Wonder Wall, Provocation Table, Knowledge building circle, Inquiry….WHAT??? So I will start this blog post with an interesting story.
I returned from my maternity leave last January right in the middle of a pedagogy change. We were learning how to teach using an inquiry approach instead of a teacher directed approach. To be honest this was not completely new to me previous school I had been teaching in had adopted this early so I was familiar with the concepts but the words being used to describe different tasks were different.
Sometimes it felt like the people around me were talking in a different language. I thought seriously about creating a teaching lingo of the past with teaching lingo of the present comparative dictionary to help me understand what people were saying.
The most ridiculous thing I heard (or so I thought at the time) was the term provocation board which as shown to me involved a table with random artifacts and the facilitators asking us to pretend that we are students and “wonder” about the objects on the table. (ps…I hate when you ask me to pretend I am a student…) I was so annoyed at this activity as I left being so confused and really I couldn’t see how this activity accomplished anything about inquiry.
Ok so as time passed I asked a lot of questions about this concept of a provocation board. When talking to my principal one day he helped me to frame it so that I understood the reasoning behind it. Or perhaps I was just ready to hear it. “It was about sparking interest, curiosity, and giving them a jumping off point so that they were in control of their own learning, but (and this is the big ah ha moment) it didn’t matter how you did this”
Finally I understood, I could use what worked for me and my teaching style to inspire enthusiasm, creativity, and interest in what we were doing. So my next unit I tried what worked for me and out came my Wonder Wall.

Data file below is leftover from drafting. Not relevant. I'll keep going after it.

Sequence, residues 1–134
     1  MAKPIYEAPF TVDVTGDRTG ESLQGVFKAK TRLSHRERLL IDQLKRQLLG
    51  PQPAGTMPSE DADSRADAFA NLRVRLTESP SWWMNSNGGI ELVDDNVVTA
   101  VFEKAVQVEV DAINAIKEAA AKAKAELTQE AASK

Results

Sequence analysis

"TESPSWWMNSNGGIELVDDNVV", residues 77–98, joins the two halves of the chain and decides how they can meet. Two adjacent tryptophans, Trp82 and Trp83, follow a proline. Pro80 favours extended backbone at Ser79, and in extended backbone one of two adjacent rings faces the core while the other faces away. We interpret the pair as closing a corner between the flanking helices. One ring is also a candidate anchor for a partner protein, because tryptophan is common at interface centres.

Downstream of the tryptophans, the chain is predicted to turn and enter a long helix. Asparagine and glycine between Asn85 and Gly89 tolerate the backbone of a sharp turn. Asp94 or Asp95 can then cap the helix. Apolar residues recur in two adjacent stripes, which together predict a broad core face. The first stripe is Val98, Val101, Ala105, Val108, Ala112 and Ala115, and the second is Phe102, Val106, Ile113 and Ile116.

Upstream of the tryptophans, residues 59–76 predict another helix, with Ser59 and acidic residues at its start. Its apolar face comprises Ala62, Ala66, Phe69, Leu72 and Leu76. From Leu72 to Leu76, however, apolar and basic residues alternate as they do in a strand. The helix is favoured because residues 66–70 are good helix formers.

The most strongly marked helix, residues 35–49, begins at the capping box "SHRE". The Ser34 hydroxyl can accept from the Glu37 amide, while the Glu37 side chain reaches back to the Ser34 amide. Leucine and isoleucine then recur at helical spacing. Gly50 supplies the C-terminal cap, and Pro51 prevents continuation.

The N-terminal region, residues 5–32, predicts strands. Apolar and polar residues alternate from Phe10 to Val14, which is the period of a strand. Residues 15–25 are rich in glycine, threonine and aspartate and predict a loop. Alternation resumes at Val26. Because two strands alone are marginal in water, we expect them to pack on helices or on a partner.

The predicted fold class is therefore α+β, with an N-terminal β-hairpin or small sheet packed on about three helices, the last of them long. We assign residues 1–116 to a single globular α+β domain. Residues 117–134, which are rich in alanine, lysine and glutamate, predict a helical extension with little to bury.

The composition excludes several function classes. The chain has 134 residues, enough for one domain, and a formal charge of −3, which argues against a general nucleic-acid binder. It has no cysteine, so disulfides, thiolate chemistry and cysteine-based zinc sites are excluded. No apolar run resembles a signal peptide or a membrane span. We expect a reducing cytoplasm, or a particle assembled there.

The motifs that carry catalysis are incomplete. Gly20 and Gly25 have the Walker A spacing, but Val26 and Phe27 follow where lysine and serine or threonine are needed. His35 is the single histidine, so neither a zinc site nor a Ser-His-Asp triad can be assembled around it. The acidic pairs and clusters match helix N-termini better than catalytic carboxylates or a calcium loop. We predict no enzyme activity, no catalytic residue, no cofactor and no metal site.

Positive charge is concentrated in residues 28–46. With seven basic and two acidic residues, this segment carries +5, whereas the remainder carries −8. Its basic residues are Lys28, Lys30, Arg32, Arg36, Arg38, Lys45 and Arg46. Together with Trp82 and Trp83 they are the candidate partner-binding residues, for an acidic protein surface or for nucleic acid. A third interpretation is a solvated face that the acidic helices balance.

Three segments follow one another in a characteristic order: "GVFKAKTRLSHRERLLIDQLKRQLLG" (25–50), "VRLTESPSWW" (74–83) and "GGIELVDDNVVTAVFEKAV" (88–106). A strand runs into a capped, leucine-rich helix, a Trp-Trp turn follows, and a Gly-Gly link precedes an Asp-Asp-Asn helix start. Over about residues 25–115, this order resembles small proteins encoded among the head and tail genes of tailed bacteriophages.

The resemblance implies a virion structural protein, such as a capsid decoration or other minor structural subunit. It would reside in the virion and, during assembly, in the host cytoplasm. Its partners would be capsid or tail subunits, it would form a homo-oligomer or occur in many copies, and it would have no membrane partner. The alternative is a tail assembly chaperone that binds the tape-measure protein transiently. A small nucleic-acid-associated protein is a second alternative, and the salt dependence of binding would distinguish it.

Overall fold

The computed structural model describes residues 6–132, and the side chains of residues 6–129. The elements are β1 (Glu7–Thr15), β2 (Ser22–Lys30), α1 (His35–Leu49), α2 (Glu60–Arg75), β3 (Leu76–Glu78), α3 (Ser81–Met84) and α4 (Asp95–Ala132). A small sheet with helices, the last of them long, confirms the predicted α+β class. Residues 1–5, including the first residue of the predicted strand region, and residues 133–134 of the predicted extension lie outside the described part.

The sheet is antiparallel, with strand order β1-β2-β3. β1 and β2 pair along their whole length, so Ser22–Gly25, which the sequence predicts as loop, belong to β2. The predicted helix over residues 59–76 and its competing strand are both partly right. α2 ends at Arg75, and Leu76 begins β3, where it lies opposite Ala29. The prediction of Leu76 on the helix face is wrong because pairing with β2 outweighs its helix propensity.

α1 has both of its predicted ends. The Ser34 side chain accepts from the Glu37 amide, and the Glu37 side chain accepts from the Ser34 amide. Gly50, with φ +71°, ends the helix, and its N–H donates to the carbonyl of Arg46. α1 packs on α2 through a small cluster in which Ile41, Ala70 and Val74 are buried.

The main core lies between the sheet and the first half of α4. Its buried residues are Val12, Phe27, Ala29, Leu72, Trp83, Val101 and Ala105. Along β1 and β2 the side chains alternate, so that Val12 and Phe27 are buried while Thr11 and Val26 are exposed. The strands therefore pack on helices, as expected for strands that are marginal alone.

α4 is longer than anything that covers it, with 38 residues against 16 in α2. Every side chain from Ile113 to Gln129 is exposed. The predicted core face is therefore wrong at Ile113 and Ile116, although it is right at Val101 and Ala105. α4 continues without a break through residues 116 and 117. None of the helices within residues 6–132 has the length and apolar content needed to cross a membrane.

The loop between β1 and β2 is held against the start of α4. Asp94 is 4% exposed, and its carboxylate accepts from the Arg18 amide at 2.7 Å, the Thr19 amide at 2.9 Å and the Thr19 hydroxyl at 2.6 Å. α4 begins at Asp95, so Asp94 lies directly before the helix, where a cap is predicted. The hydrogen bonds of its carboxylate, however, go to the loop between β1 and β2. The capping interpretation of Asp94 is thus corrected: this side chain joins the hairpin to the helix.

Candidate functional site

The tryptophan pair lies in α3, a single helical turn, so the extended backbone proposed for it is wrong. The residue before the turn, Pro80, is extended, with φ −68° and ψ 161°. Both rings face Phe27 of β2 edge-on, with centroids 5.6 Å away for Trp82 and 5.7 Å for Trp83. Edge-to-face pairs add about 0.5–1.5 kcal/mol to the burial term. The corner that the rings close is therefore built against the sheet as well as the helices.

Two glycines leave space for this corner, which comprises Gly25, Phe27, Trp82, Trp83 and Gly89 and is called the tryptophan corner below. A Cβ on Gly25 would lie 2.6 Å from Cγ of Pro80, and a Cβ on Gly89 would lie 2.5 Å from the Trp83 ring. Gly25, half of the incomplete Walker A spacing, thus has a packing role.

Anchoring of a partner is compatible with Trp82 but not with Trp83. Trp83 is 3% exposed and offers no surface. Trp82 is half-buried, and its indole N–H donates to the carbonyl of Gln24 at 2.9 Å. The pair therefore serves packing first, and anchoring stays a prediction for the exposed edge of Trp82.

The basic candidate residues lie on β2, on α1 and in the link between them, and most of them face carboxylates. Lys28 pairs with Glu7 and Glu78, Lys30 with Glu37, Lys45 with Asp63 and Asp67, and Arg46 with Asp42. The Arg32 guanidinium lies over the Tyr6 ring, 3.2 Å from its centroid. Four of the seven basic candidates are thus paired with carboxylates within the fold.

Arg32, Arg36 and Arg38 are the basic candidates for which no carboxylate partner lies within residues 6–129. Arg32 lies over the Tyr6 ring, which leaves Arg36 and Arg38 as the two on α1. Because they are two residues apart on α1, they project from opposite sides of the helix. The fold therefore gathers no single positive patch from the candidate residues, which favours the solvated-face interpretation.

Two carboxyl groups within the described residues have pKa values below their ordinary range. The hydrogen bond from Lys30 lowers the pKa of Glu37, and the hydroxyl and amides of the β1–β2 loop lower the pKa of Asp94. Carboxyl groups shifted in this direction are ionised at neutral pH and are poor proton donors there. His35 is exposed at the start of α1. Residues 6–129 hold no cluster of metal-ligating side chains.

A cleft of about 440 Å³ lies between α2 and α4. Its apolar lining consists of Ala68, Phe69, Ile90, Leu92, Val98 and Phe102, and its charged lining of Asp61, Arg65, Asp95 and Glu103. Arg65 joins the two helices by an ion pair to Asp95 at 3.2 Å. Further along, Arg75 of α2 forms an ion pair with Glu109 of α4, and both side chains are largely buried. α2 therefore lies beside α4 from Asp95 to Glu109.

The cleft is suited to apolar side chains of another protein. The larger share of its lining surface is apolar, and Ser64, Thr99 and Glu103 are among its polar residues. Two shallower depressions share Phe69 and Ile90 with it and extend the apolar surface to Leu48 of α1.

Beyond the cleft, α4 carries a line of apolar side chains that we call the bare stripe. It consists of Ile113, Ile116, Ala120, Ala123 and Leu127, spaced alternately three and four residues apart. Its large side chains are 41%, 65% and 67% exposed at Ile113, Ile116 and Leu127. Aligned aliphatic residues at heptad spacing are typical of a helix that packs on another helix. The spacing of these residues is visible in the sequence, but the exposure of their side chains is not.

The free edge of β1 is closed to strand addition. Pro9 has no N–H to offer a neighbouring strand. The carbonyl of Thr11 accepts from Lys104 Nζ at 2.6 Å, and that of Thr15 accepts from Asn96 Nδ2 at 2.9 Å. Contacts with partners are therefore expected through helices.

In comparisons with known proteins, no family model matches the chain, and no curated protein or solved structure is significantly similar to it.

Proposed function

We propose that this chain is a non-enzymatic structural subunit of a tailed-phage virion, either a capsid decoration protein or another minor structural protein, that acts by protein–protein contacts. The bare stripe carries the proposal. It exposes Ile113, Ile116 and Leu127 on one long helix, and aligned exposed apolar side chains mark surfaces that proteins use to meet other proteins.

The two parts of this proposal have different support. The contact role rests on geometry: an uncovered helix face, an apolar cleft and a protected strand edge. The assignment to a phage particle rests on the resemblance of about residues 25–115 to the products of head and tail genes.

This is an example of the board that I use for my wonder wall. It is a trifold board. One side is for my fourth graders and the other side for my fifth graders. Sometimes I use these trifold boards and other times I just use my bulletin boards but this is great if you are lacking wall space and it also works to move around the classroom for students to use when you are working with them.
Instead of artifacts most of the time I use pictures that I print out in colour. If I have easily accessible artifacts like my rock collection or some small appliances from home I might use those as well.
Another thing I learned while implementing my wonder wall is that when students ask questions I really really want to answer them. I want to share my knowledge and have them soak it all in and teach them something. I am a teacher!! this is what I do!! I know stuff and teach about it!! STOP STOP STOP. I had to get myself to stop! This was not what inquiry was about. Sure, I am a teacher, but I am not as powerful or as knowledgable as Google. I mentally needed to stop myself and concentrate on not answering their questions but to ask them to add their questions to the Wonder Wall and allow them to figure out the answers for themselves. I knew that I was going to lead them through my lessons to these answers but I needed to stop just giving them the information. They would now have to start working for this information because I was not going to give them an easy way out. Sure later on in the unit we would have discussion on certain topics and I would explain different concepts to them. BUT we did this together. I was not teaching them I was facilitating them. Giving them the tools to let them find the answers to their questions on their own.
And you know what…a funny thing happened. They started learning faster than I had expected. They took those questions home and found out the answers to them. They would read books during independent time and find the answers to our questions. They were discussing these things with their parents at home. It was amazing to see how excited they were about learning these concepts which in turn also allowed our discussion at school to become more vibrant and engaging.
Sure there were times when a teacher directed lesson was necessary especially in the technical aspects of the units. But overall it was great to see them apply their learning in new and interesting ways. So lesson learned, perhaps I am a convert and the “ridiculous” idea wasn’t so ridiculous. I learned that opening up my mind, listening and applying what I was hearing to my own style was probably the best course of action. Lesson learned 🙂
If you would like to see how I made my Wonder Wall for these units check out my Video below
If you would like to get started on using Wonder Walls and Inquiry in your classroom check out my units that have all that you will need to start and make your own Wonder Wall and Inquiry Science Unit check out my two new Science Units below.
Learn more about inquiry. Next up in my inquiry series